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Get your devices working the way you want

Most Bluetooth® enabled devices are easy to connect or "pair," so you can enjoy a wireless lifestyle. If you're having trouble getting two devices to work together, like a mobile phone with a hands-free car system or headphones with a music player, you may just need some advice.

The Bluetooth SIG is a trade association

We do not make, manufacture or sell Bluetooth products. We can guide you in the right direction and provide some basic tips for using Bluetooth enabled products. We also have a Bluetooth FAQ page you might find helpful.

We have over 25,000 Bluetooth SIG member companies. Our members help advance Bluetooth technology and create the innovative Bluetooth products that enable the wireless lifestyle for all to enjoy. If you need Bluetooth product specific information, technical support, drivers, or other technical information, try directly contacting the device manufacturer.

When to contact the manufacturer

If you suspect there's a problem with your device, contact the manufacturer. This advice page is not intended to replace support you might receive from the device manufacturer, especially if the product is defective.

Connecting your Bluetooth enabled devices

Often it's simple to connect two Bluetooth enabled devices—you don't even need instructions. However, there are tens of thousands of different Bluetooth enabled devices, from phones and headsets to cars and computers. If you run into any problems getting devices to work properly or pair with each other, learning a little about how Bluetooth technology works could help you fix the problem. Here are a few things you should understand before you get started.

Finding your drivers

A driver is a software program allowing a device to communicate with a computer. Without drivers, the devices connecting to your computer—phones, MP3 player, or digital camera—won't appear in your computer's list of connected devices and won't work with your computer.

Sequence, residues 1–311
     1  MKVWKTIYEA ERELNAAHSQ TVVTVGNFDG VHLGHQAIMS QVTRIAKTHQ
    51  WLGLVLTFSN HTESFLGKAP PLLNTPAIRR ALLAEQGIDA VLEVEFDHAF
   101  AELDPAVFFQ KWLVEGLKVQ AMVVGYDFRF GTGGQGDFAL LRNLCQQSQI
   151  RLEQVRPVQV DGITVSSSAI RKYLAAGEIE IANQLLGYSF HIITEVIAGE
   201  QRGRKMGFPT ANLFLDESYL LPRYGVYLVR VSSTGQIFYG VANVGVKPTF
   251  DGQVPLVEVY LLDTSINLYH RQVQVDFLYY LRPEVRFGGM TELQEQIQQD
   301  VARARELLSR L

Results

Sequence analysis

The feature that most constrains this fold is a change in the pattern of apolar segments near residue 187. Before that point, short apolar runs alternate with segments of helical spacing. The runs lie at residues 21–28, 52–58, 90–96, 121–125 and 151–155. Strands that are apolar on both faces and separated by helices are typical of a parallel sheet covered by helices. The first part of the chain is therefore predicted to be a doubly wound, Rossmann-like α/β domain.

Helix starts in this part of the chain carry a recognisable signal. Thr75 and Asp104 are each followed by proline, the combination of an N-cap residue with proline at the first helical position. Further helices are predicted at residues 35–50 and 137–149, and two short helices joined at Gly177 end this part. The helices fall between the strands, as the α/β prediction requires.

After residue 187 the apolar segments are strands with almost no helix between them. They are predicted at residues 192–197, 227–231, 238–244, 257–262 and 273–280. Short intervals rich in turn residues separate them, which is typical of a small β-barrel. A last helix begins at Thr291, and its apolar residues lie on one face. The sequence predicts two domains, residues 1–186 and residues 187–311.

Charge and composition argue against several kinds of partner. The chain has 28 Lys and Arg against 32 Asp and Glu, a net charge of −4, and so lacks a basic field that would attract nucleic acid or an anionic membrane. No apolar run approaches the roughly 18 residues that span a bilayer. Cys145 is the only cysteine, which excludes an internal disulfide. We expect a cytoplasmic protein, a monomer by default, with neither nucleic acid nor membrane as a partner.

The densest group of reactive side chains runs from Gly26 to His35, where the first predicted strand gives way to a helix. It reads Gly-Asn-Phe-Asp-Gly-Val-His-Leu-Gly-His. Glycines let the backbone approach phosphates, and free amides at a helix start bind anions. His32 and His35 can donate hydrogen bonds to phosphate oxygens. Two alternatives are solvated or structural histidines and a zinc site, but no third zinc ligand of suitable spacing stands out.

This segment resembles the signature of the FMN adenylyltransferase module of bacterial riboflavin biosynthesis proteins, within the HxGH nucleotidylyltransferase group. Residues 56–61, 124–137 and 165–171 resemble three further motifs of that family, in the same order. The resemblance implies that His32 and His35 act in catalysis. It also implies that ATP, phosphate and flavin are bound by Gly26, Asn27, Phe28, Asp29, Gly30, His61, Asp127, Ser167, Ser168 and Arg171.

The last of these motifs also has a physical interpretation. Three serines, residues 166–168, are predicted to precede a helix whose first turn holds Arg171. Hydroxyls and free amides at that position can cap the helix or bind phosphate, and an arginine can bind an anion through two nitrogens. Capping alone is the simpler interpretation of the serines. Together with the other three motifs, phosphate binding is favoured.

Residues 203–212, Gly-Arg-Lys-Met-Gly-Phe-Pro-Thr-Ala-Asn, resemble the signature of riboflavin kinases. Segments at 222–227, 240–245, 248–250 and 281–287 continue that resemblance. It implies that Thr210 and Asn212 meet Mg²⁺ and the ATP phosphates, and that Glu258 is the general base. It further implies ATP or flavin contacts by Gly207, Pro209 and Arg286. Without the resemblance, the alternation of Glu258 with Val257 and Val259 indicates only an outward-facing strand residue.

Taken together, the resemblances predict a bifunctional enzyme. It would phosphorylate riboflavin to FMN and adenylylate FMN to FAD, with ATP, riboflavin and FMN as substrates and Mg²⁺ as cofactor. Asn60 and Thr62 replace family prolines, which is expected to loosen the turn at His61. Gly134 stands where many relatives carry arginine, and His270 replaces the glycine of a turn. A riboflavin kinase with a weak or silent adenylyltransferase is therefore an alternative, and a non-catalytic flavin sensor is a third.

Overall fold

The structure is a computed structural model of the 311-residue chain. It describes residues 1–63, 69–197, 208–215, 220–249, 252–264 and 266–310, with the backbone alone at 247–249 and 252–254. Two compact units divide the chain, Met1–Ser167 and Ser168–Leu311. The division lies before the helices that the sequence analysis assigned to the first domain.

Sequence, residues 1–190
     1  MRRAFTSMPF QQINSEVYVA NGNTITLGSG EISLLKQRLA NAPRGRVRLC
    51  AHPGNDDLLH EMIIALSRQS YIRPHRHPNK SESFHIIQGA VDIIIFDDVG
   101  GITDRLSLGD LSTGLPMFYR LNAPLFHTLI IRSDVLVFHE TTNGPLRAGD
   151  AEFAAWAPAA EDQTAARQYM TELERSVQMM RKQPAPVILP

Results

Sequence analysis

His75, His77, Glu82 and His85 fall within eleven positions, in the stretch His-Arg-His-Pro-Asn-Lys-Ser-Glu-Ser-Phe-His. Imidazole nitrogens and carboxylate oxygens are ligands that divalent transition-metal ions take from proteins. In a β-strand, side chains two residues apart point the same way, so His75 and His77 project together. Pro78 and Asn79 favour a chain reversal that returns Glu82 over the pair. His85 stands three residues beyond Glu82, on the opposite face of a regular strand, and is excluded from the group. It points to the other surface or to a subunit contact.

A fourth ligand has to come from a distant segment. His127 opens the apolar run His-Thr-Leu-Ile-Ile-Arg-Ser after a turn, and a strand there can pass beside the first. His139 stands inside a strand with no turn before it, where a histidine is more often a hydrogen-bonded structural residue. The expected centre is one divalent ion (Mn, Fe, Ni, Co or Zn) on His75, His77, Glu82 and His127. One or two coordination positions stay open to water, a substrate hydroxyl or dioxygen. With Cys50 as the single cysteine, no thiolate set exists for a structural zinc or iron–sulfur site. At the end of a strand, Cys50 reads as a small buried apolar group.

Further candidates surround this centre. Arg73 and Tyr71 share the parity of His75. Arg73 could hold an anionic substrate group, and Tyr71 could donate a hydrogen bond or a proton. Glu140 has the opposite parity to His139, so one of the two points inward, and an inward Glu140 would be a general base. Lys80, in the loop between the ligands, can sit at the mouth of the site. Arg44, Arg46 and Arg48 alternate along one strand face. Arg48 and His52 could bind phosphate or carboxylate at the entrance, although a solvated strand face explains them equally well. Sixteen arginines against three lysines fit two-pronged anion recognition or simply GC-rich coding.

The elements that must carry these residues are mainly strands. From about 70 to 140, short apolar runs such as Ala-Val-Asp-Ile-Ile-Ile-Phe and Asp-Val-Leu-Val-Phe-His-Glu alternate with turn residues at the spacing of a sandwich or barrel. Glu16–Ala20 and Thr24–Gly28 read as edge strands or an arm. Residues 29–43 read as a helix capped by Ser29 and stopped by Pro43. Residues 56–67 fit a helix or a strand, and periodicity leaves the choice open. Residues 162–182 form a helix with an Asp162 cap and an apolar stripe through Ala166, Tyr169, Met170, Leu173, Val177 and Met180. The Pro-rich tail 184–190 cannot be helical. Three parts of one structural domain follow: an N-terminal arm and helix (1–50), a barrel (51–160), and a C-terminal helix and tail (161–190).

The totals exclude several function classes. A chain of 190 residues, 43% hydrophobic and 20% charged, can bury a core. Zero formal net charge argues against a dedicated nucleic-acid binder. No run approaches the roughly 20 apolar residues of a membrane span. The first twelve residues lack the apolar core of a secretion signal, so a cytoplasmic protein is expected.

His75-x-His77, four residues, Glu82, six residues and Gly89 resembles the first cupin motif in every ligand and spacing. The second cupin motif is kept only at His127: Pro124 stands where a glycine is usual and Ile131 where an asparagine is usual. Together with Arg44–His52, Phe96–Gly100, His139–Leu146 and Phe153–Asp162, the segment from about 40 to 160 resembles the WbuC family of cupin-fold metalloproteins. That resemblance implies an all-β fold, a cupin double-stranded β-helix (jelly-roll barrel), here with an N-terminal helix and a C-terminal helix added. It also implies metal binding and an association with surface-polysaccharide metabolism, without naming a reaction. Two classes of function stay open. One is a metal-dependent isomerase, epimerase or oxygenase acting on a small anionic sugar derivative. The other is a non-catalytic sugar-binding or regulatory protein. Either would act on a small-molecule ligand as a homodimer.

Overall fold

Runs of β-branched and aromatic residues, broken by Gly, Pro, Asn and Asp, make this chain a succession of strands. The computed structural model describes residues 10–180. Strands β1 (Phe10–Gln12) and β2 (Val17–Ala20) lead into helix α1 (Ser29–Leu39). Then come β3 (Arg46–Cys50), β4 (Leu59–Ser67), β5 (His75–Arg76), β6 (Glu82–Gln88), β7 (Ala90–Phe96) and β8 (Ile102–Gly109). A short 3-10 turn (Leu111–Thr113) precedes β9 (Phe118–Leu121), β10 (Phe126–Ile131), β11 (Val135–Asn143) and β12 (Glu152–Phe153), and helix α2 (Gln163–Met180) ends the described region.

There is no such thing as a "Bluetooth driver." But if you have a Bluetooth enabled device, you may need a driver to get the device to work properly with your computer. Getting drivers and installing them depends on whether you have a Windows PC, a Macintosh, or another operating system.

If you are missing a driver or it doesn’t automatically install, contact the manufacturer. The manufacturer should also be able to tell you if there is a newer version of the driver available for their product. The Bluetooth SIG does not distribute drivers for Bluetooth enabled devices.

Making sure devices are Bluetooth enabled

Both devices must be Bluetooth enabled to pair. If you're not sure a device includes Bluetooth technology, check with the manufacturer. Not all wireless devices use Bluetooth technology (especially mice and keyboards), so check to be sure.

To add Bluetooth technology to a computer, just plug a Bluetooth adapter into one of the USB ports.

Pairing devices

Not all Bluetooth enabled devices are designed to be paired. Logically, there's no reason to connect a wireless mouse to a wireless headset. You should be able to pair a Bluetooth enabled headset to a Bluetooth enabled phone, or a Bluetooth enabled mouse to a Bluetooth enabled computer.

If you're not sure whether the two devices you want to connect are designed to be paired with each other, make sure their Bluetooth profiles match.

Pairing with the profile

A Bluetooth profile provides manufacturers with a detailed description of designing a certain function into a Bluetooth enabled device. An example is the Hands-Free Profile. For a mobile phone to connect to a wireless headset, both devices must support the Hands-Free Profile. Manufactures list supported profiles in the user manual or specifications for that device.

Here's an example of two Bluetooth enabled products not likely to work together:

A mouse, which typically supports the Human Interface Device Profile and a camera aren't likely to work together since cameras don't support this profile. Looked at logically, it's obvious why, since cameras aren't designed to be controlled with a mouse.​

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